House Speaker Paul Ryan said it's not important that the Congressional Budget Office didn't do an analysis on the final version of the American Health Care Act because the final amendment, which convinced conservatives and enough centrists to get on board to pass the bill, didn't do that much.

Ryan and his office have been criticized in recent days for not waiting for the independent analysis of the bill to be done before holding a vote on the House GOP bill. Ryan said on ABC Sunday the bill has been online for months in one form and previous versions of the bill received analysis from the budget office, so not waiting for a review of the bill following the amendment process wasn't a big deal.

"A three-page amendment is not going to dramatically alter that bill," he said Sunday on ABC's "This Week." "It does a narrow change to the bill."

Ryan called the attacks on the Republican process for passing the bill a "bogus attack from the Left" and said the GOP was plenty transparent.

During the process of passing the bill, the American Health Care Act received two committee markups and had many amendments proposed on the House floor. However, all of that happened about a month before the actual bill was passed before behind-the-scenes negotiations ended up producing two amendments, the MacArthur Amendment and the Upton-Long Amendment, which led to the bill's passage.

Those amendments did not receive any markups or public hearings, and the Congressional Budget Office did not analyze their effects. The analysis is expected to be completed in the coming week.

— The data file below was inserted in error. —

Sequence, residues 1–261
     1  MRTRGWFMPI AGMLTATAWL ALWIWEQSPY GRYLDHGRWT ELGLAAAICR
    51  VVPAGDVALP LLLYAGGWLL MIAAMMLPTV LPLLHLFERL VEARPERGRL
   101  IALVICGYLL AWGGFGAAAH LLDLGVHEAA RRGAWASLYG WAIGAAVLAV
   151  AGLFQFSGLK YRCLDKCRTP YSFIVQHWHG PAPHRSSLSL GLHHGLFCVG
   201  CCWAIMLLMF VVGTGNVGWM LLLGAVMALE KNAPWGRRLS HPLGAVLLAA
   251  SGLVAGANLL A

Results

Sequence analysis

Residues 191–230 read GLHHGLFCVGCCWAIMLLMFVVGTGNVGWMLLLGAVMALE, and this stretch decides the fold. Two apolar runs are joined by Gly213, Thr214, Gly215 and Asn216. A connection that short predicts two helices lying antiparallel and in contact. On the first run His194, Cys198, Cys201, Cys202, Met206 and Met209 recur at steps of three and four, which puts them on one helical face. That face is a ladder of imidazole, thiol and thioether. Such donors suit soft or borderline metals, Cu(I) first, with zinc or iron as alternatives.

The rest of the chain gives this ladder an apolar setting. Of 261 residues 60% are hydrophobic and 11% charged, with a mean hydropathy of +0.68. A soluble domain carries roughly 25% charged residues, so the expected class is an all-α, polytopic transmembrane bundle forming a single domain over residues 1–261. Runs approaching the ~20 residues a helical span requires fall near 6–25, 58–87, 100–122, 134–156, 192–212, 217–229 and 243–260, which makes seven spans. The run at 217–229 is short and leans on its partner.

It's unclear how the bill will affect people with pre-existing illnesses or how many people could lose their insurance under the American Health Care Act.

Ryan said he expects the American Health Care Act to do much more for people with pre-existing illnesses than Obamacare because it will provide those people with more choices. He promised no one with a pre-existing condition would lose insurance or experience cost increases if they maintained continuous coverage.

"We have all these multiple layers of protection to make sure that these families and these people ... get affordable coverage and that's not happening in Obamacare," he said. "If you can't get a health insurance plan, what good is it? You can't get health insurance."

Ryan said he doesn't think the process of repealing the Affordable Care Act will end up costing Republicans in 2018.

"No, I'm not," Ryan said when he was asked if he's worried about an anti-Republican wave in 2018. "We're keeping our word and I would argue we would spell disaster for ourselves politically if we go back on our word. This is us keeping our word."